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7th Circuit rules on attorney fee issues in brownfield case

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The 7th Circuit Court of Appeals has mostly upheld an Indiana federal judge who’d ruled on the litigation costs and attorney fees involved in a Shell gas station brownfield case.

The 25-page opinion came today in Daniel J. and Pamela Wickens and Mark E. Shere v. Shell Oil Company, Nos. 09-2737 & 09-2620, which affirms and reverses in part a 2008 judgment from Judge Sarah Evans Barker in Indianapolis. The case dates back more than five years and involves a couple who were trying to sell their shoe shop when they discovered contaminated soil from a former fuel station on the Anderson property. Though they reached a settlement on most of the issues, the parties disagreed on various issues that included how attorney fees were calculated.

In its ruling today, the 7th Circuit held that Judge Barker correctly used a cut-off date for when Mark Shere’s legal work could stop being used to calculate the litigation costs and disbursements. The appellate panel upheld a $37,443.25 award for litigation costs and disbursements and denied the attorney’s request for prejudgment interest before Jan. 9, 2007; as well as ordered Shell to pay the $116,511.27 in corrective action costs incurred in May and June 2007.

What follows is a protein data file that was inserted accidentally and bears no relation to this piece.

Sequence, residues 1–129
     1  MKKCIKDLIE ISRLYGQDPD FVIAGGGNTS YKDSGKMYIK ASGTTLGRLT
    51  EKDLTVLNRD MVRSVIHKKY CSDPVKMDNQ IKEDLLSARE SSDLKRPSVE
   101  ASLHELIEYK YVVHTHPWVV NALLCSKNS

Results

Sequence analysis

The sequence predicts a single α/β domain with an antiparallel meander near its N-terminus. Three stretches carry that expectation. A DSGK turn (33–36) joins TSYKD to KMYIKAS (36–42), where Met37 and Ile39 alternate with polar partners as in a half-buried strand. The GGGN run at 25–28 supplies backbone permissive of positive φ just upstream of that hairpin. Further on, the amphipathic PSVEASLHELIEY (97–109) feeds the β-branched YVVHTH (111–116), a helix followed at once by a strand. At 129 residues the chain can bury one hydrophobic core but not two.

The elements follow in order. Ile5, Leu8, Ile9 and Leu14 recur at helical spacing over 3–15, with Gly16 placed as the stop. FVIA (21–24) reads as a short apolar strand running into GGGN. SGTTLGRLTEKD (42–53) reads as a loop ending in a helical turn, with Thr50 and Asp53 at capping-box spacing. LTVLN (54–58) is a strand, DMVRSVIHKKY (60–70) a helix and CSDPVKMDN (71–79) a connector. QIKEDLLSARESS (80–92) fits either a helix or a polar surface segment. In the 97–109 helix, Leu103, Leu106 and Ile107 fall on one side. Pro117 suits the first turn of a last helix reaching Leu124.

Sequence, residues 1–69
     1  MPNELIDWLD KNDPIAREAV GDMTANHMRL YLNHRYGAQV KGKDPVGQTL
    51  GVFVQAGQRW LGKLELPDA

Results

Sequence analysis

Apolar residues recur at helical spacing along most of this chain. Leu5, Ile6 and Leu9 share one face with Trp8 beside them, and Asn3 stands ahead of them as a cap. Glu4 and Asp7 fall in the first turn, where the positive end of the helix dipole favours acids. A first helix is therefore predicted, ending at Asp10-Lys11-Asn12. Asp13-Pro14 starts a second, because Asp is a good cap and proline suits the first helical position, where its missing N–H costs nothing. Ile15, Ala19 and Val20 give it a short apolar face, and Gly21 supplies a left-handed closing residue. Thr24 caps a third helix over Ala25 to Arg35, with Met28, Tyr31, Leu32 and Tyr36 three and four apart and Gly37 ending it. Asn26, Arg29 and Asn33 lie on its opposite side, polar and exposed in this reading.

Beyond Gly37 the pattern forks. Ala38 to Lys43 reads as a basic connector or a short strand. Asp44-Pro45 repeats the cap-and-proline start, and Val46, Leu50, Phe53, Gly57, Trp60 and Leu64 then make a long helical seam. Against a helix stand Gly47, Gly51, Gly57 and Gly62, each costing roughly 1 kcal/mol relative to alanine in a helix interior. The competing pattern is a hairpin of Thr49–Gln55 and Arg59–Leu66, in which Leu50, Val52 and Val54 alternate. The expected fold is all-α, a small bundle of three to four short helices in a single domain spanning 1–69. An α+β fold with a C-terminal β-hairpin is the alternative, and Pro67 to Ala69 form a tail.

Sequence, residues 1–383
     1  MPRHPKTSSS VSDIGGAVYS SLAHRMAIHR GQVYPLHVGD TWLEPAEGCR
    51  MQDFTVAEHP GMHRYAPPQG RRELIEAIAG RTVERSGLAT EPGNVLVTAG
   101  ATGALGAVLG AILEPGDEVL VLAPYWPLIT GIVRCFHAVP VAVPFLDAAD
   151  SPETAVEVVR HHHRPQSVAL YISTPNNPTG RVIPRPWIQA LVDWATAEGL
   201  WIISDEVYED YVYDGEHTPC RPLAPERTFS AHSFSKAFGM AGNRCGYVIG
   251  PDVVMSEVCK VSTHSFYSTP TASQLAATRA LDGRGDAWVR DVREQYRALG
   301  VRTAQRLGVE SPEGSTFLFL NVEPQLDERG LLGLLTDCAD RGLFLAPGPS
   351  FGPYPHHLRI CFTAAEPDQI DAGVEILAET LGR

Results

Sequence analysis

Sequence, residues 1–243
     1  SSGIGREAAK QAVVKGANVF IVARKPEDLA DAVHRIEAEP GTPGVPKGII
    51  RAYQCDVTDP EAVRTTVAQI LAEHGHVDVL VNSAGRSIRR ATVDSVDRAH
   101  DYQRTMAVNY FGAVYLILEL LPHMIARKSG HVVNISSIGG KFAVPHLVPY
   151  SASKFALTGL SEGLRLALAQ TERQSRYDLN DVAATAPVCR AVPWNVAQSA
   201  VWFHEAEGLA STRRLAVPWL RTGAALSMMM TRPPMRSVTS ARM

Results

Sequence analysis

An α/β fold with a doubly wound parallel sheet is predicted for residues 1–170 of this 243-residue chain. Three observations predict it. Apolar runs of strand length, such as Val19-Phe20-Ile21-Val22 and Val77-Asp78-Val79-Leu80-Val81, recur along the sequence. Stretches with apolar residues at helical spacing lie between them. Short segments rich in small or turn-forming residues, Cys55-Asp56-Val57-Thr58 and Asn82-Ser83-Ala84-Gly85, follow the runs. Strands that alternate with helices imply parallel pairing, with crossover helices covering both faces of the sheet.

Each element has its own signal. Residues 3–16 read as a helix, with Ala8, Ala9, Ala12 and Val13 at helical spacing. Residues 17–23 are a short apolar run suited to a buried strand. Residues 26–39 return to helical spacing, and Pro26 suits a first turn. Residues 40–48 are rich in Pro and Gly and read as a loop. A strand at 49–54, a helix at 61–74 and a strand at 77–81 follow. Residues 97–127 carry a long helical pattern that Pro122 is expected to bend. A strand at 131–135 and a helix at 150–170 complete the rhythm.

The 7th Circuit did reverse Judge Barker on an issue about how Shere had billed for work that his wife -- an Indianapolis attorney who’s been on inactive status since 2005 – did during the litigation. The court made a “small calculation error” that it described as a clerical error that cost Mark Shere about $1,020.25 and should be corrected on remand.

A larger sticking point in the litigation was that Shere failed to disclose during the litigation that Employers Fire Insurance Company was funding the litigation. Judge Barker criticized Shere for not disclosing this, but didn’t go as far as determining fraudulent concealment as Shell alleged and stopped short of sanctioning him. The trial court denied a motion to vacate the judgment based on that issue, and the 7th Circuit affirmed that decision.

On the point where Shere argues about the District judge’s portrayal of him in a less than favorable light, the 7th Circuit wrote that an appeal isn’t the proper remedy for this even if the judge had found misconduct, which she didn’t.

“What Shere does not mention is that the district court was, in many places, equally critical of Shell’s approach to this case, and that it had some complimentary things to say about Shere,” the court wrote. “We sit to review judgments, not particular language in district court opinions, and Shere will have to be satisfied with our decision on the merits, which is largely favorable to him.”